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Food, thought and science merge at this enthralling museum adjacent to stunning Lake Geneva (you’ll know you’ve arrived when you spot the eight-metre-high fork jutting out of the water). Alimentarium is both Nestlé’s headquarters and the first museum in the world dedicated to nutrition. There’s a sprawling vegetable garden to explore, as well as hands-on cooking classes and a number of exhibits that deep-dive into the role of food in history and culture. In a nutshell, it’s a place for thinkers and food lovers.
Erstes Deutsches Bananenmuseum, Germany
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Collector Bernhard Stellmacher has such a fixation on bananas, he’s managed to fill – and overflow – his basement with enough paraphernalia to warrant a museum. In his years as a devoted fanatic to the smiling fruit, he’s amassed over 10,000 odds and ends that celebrate it. Expect banana-shaped saltshakers, toy cars and a corner dedicated to Josephine Baker’s banana skirt.
Big Mac Museum, USA
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In homage to one of McDonald’s most beloved burgers, this museum in Pennsylvania celebrates the Big Mac’s creator, Jim ‘MJ’ Delligatti. It’s also a functioning McDonald’s, meaning that visitors can learn all about the Big Mac and its secret sauce, view the world’s tallest Big Mac statue and then sweep around for a bite in the 24-hour double-lane drive thru.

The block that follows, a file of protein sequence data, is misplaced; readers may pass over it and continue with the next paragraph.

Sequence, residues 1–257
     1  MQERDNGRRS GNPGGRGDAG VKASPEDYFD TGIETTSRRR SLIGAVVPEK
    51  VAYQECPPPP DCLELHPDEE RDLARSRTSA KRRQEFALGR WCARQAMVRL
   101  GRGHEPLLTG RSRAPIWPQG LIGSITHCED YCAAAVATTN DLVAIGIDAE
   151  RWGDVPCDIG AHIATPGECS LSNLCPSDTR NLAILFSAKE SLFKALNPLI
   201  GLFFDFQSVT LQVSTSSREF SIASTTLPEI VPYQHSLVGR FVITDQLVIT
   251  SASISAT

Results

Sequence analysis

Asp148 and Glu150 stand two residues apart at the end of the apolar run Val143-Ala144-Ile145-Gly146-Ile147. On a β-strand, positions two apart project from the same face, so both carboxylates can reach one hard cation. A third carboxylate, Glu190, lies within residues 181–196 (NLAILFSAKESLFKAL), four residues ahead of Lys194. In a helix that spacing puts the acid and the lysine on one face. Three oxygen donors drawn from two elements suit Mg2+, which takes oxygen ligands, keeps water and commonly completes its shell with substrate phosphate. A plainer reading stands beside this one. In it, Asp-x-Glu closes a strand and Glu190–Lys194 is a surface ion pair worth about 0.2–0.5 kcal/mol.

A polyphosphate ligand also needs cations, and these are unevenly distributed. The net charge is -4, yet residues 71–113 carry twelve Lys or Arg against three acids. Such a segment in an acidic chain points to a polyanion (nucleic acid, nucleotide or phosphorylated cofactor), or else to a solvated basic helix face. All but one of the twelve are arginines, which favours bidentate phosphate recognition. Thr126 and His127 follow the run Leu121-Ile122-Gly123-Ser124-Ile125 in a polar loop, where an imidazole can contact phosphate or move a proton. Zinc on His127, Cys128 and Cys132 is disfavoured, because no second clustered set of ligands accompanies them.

Cheese Museum Amsterdam, Netherlands
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Across the road from Anne Frank’s house on the picturesque Prinsengracht, this little museum celebrates not only the famed gouda but also the entire 600-year stretch of Dutch cheesemaking history. Visitors can dress as traditional Dutch cheesemakers, take a gander at the world’s most expensive cheese slicer and also spend a euro or two in the attached shop – after all, who could resist?
Deutsches Currywurst Museum, Germany
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A fried pork sausage served with a squirt of curried ketchup and a fistful of fries, currywurst is the ultimate in politically aware fast food. In Germany, it’s achieved cult status: so much so that every candidate for the Mayor of Berlin must make an appearance at a stand and order accordingly. It’s no surprise then, that an entire museum in Berlin is dedicated to this spiced sausage. It’s primarily an interactive museum, with chances to create your own currywurst, sniff your way around a spice chamber and stretch out on a sausage-shaped sofa.